The cathedral is also home to not one but two Caravaggio paintings. The story goes that the disgraced artist fled to Malta after committing murder in Rome, producing the ‘Beheading of St. John the Baptist’ to thank the Order for its hospitality in hosting him. Before long, Caravaggio was involved in another brawl and this time fled to nearby Sicily.

Upper Barrakka Gardens. Photo credit: Creative Commons

Just a short walk from the cathedral is Upper Barrakka Gardens, a peaceful respite with a sensational view of the Grand Harbour.


A post shared by Sophie Miskiw (@the.sophist) on May 1, 2018 at 2:14am PDT

None of the original buildings in Valletta had gardens, so a communal space was built for the knights to relax and generally enjoy being important. It’s a tranquil spot to enjoy a pastizz, a flaky Maltese pastry filled with ricotta cheese that’s eaten for breakfast or as a mid-afternoon snack.

Photo: Maltese pastizz

It’s just one of many wonderful people-watching perches where you can sit and soak in the vibrancy of Valletta.

Too much for one trip

If I learned one thing from my trip to Valletta, it’s that it’s a city that deserves several days of exploring. Every building tells a story, every corner has a history. Two, or even three days, in the city are simply not enough.

Valletta has gained popularity since it was named Capital of Culture 2018 but there’s still time to discover it before the rest of the world does. Start planning your trip to Valletta now.

This article was produced by The Local Creative Studio and sponsored by Malta Tourism.


Could Oslo-Copenhagen overnight train be set for return?

A direct overnight rail service between the Norwegian and Danish capitals has not operated since 2001, but authorities in Oslo are considering its return.

Norway’s transport minister Knut Arild Hareide has asked the country’s railway authority Jernbanedirektoratet to investigate the options for opening a night rail connection between Oslo and Copenhagen.

An answer is expected by November 1st, after which the Norwegian government will decide whether to go forward with the proposal to directly link the two Nordic capitals by rail.

Jernbanedirektoratet is expected to assess a timeline for introducing the service along with costs, market and potential conflicts with other commercial services covering the route.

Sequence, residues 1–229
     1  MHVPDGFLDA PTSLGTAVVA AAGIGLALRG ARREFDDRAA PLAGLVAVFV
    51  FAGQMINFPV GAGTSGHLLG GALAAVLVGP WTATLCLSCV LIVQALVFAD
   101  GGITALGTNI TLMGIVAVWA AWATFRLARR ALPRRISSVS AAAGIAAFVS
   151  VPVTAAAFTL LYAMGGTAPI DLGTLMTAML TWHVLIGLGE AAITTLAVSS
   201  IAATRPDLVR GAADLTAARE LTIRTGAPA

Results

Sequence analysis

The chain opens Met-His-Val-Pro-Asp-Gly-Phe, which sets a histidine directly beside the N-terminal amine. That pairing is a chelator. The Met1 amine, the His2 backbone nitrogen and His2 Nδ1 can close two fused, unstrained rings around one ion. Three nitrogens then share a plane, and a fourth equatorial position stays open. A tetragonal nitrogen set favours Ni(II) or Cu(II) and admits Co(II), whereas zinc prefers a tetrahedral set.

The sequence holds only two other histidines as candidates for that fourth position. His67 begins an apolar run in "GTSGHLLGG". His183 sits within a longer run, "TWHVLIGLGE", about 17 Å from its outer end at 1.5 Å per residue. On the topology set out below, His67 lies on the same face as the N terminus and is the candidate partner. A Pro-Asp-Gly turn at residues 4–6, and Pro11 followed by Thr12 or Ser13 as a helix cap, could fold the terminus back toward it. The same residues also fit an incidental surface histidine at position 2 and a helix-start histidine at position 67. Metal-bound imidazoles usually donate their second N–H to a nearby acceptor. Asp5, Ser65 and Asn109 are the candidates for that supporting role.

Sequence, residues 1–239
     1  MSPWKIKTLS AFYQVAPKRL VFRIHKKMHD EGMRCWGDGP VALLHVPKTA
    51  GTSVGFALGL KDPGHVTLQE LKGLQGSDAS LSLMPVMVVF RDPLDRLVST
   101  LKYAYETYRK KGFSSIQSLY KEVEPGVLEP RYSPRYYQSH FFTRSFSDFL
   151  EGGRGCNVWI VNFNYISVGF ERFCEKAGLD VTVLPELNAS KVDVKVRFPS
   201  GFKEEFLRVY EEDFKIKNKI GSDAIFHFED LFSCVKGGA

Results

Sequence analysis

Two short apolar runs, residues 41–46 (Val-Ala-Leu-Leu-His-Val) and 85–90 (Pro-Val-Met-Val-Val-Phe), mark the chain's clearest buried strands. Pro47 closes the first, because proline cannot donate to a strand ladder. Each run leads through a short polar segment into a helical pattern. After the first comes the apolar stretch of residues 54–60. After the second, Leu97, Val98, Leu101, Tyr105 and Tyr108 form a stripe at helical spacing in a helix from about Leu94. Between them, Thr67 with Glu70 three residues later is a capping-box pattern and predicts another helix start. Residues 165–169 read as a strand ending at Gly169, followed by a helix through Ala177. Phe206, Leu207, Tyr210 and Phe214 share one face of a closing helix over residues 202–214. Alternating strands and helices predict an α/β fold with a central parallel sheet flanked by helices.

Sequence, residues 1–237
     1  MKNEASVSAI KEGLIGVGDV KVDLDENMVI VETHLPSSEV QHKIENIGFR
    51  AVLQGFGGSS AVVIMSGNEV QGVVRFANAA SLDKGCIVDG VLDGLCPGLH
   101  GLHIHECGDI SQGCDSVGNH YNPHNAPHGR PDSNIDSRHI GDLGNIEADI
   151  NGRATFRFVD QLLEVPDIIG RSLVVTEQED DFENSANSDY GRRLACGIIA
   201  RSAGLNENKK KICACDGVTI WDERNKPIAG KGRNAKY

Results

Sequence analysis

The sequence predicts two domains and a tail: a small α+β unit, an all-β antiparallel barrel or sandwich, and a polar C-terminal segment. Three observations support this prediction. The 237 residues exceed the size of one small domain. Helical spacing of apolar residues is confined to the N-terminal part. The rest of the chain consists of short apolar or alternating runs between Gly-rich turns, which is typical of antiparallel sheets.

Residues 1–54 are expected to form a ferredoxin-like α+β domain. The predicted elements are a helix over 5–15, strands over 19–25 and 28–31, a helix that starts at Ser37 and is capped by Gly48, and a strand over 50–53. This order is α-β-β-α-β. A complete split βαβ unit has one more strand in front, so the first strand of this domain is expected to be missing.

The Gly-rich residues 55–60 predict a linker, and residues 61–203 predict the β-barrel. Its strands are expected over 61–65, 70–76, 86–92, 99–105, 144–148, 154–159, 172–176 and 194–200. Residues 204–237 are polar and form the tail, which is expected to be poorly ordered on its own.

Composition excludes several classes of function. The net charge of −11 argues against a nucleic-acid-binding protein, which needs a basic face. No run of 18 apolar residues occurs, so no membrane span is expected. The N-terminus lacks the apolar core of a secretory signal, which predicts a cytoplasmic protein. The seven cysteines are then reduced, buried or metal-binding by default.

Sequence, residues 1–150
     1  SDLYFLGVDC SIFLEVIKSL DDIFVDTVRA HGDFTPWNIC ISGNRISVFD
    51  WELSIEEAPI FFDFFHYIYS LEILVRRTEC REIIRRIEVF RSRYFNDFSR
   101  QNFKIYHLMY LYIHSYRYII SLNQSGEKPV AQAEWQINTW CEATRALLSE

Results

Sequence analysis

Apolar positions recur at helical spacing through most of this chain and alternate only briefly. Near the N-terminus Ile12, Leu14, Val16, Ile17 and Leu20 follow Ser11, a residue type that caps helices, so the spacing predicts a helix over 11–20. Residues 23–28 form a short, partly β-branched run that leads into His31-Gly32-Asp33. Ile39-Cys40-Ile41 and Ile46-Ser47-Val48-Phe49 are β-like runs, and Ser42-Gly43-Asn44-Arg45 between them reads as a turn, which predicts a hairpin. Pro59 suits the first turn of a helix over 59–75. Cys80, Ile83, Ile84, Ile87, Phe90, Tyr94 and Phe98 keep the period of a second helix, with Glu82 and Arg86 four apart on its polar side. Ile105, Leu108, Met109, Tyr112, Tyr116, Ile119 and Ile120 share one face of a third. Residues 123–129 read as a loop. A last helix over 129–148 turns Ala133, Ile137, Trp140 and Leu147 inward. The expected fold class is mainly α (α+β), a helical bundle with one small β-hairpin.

“I hope we’ll secure a deal. Cross-border trains are exciting, including taking a train to Malmö, Copenhagen and onwards to Europe,” Hareide told Norwegian broadcaster NRK.

The minister said he envisaged either a state-funded project or a competition awarding a contract for the route’s operation to the best bidder.

A future Oslo-Copenhagen night train rests on the forthcoming Jernbanedirektoratet report and its chances of becoming a reality are therefore unclear. But the Norwegian rail authority earlier this year published a separate report on ways in which passenger train service options from Norway to Denmark via Sweden can be improved.

“We see an increasing interest in travelling out of Norway by train,” Jernbanedirektoratet project manager  Hanne Juul said in a statement when the report was published in January.

“A customer study confirmed this impression and we therefore wish to make it simpler to take the train to destinations abroad,” Juul added.

Participants in the study said that lower prices, fewer connections and better information were among the factors that would encourage them to choose the train for a journey abroad.

Norway’s rail authority also concluded that better international cooperation would optimise cross-border rail journeys, for example by making journey and departure times fit together more efficiently.

The Femahrn connection between Denmark and Germany, currently under construction, was cited as a factor which could also boost the potential for an overland rail connection from Norway to mainland Europe.

Night trains connected Oslo to Europe via Copenhagen with several departures daily as recently as the late 1990s, but the last such night train between the two cities ran in 2001 amid dwindling demand.

That trend has begun to reverse in recent years due in part to an increasing desire among travellers to select a greener option for their journey than flying.

Earlier this summer, a new overnight train from Stockholm to Berlin began operating. That service can be boarded by Danish passengers at Høje Taastrup near Copenhagen.

READ ALSO: What you need to know about the new night train from Copenhagen to Germany